The dampers remain in their softest setting (I can’t imagine a road in Australia where the stiffest setting would be warranted) but the drivetrain is set to kill. The windscreen is filled with a ribbon of tarmac that plunges downhill as it slips to the left, before transitioning uphill, climbing through a sweeping right hander as it does. With the sun starting its journey towards the horizon over my shoulder, visibility extends for kilometres. The temptation of the road and the car overwhelms my thin resolve and the GT2 RS snaps forward.

The first time a GT2 RS thunders through its rev range and chomps through a couple of gears is a real test of strength for your right foot. Can you keep the throttle pinned while the world drops from beneath you? If you can, the crazy free-fall acceleration and violent shove in the back is accompanied by a ripping and tearing of air as the twin-turbocharged 3.8-litre flat six ingests oxygen and fuel at a dizzying rate. For gear after gear, the speedo and tacho needles sweep through their arc at a pace that is difficult to comprehend. Find the right stretch of test track or autobahn and after 24 seconds you might notice the seven-speed PDK grab top gear at 322km/h. Or perhaps you’ll be too focused to pick up on that little detail.

When the idea of a farewell to the GT2 RS first came to mind, I was reminded of my drive of the 997 GT3 RS 4.0 back in 2010. The 911 unicorn came right at the end of the 997 generation and I was lucky enough to score a drive of it in Europe. Photographer Tom Salt and I departed Stuttgart in Germany one June Saturday afternoon at the same time a race was getting under way in a town in Southern France. Our plan was simple; drive from Stuttgart to Le Mans, where we’d arrive at midnight and watch a few laps, before heading to Paris for breakfast and then the return trip to Stuttgart, hopefully arriving as the chequered flag was falling on Sunday afternoon in France. For one of the few times in my career, the crazy 24-hour plan worked a treat and it remains a highlight.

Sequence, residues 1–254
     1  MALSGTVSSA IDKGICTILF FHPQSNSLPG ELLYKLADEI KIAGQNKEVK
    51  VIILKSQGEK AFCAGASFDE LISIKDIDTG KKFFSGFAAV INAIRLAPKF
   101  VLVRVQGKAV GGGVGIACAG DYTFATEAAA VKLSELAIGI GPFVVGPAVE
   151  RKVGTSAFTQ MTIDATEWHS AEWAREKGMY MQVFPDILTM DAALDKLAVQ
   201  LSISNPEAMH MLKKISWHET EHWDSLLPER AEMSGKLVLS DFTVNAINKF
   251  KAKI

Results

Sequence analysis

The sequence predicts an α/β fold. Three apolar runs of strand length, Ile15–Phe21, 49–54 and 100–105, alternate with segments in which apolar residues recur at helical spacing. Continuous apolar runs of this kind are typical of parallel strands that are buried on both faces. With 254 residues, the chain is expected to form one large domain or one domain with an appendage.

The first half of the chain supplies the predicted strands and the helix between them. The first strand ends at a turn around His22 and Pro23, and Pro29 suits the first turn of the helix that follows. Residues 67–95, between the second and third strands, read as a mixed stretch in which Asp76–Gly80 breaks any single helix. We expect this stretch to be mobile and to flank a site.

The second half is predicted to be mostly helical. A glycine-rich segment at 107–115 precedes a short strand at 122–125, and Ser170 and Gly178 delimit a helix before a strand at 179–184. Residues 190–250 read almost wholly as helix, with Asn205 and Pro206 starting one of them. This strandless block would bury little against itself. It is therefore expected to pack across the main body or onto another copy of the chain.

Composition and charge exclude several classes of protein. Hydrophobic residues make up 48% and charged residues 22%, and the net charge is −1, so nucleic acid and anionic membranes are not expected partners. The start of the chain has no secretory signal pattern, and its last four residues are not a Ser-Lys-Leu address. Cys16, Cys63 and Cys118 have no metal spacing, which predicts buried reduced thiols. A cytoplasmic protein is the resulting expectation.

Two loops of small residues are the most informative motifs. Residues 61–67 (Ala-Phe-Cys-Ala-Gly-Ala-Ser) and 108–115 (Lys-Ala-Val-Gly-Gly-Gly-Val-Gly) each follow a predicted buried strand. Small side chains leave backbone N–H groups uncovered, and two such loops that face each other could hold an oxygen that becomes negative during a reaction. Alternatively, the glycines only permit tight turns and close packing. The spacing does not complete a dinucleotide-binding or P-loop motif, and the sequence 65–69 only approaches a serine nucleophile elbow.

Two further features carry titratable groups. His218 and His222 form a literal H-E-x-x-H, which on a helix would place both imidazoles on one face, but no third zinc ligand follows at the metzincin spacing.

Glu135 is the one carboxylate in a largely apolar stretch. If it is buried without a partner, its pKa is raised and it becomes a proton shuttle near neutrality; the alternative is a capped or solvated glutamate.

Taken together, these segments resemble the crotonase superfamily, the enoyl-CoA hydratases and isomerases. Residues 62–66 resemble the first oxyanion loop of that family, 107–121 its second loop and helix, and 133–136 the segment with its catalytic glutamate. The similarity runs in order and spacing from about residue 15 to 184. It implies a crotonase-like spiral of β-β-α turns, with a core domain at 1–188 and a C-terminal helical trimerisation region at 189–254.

After strafing all of the best roads in the Victorian Alps, it’s gone dark, but the excellent headlights pierce the inky blackness with confidence. As the road snakes its way to lower plains, the odds of animal encounters increase, so the pace is sadly tempered. A bit.

Though the clock has ticked beyond 8pm, the temperature remains in the high 30s but the massively turbocharged engine takes it in its stride and there’s no doubt that each of the claimed 515kW is willing to work up a sweat.

Though I thought I’d drive through the night like the RS 4.0 trip, age has sadly wearied me and I seek the refuge of a cheap motel at midnight. Disappointed with my lack of match fitness, I set the alarm for stupid o’clock and I’m back behind the RS’s Alcantara steering wheel just after 4am. It’s the best I can do to farewell a true legend. L

STORY & Photography by JESSE TAYLOR